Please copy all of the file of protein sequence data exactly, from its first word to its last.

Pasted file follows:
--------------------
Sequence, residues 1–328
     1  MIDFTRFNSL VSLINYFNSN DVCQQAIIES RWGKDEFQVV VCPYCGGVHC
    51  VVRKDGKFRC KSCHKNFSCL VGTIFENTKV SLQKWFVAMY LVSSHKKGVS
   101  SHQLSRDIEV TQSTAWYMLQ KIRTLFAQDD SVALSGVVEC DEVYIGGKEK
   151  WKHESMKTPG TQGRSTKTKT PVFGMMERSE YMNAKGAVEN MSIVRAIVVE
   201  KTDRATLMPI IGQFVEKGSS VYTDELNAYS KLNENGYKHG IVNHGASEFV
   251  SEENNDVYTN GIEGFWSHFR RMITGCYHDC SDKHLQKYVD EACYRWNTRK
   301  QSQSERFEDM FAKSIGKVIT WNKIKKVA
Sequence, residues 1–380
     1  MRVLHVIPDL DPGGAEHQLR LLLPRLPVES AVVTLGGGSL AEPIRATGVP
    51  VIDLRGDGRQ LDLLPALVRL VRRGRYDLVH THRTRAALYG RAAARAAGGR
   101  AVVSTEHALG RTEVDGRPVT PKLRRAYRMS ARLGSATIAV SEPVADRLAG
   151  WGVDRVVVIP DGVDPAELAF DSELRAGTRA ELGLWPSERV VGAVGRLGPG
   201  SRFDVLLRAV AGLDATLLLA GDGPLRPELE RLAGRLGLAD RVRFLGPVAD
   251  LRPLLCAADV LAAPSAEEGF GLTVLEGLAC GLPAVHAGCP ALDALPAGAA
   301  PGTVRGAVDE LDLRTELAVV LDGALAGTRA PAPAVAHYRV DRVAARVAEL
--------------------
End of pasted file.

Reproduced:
Sequence, residues 1–328
     1  MIDFTRFNSL VSLINYFNSN DVCQQAIIES RWGKDEFQVV VCPYCGGVHC
    51  VVRKDGKFRC KSCHKNFSCL VGTIFENTKV SLQKWFVAMY LVSSHKKGVS
   101  SHQLSRDIEV TQSTAWYMLQ KIRTLFAQDD SVALSGVVEC DEVYIGGKEK
   151  WKHESMKTPG TQGRSTKTKT PVFGMMERSE YMNAKGAVEN MSIVRAIVVE
   201  KTDRATLMPI IGQFVEKGSS VYTDELNAYS KLNENGYKHG IVNHGASEFV
   251  SEENNDVYTN GIEGFWSHFR RMITGCYHDC SDKHLQKYVD EACYRWNTRK
   301  QSQSERFEDM FAKSIGKVIT WNKIKKVA
Sequence, residues 1–380
     1  MRVLHVIPDL DPGGAEHQLR LLLPRLPVES AVVTLGGGSL AEPIRATGVP
    51  VIDLRGDGRQ LDLLPALVRL VRRGRYDLVH THRTRAALYG RAAARAAGGR
   101  AVVSTEHALG RTEVDGRPVT PKLRRAYRMS ARLGSATIAV SEPVADRLAG
   151  WGVDRVVVIP DGVDPAELAF DSELRAGTRA ELGLWPSERV VGAVGRLGPG
   201  SRFDVLLRAV AGLDATLLLA GDGPLRPELE RLAGRLGLAD RVRFLGPVAD
   251  LRPLLCAADV LAAPSAEEGF GLTVLEGLAC GLPAVHAGCP ALDALPAGAA
   301  PGTVRGAVDE LDLRTELAVV LDGALAGTRA PAPAVAHYRV DRVAARVAEL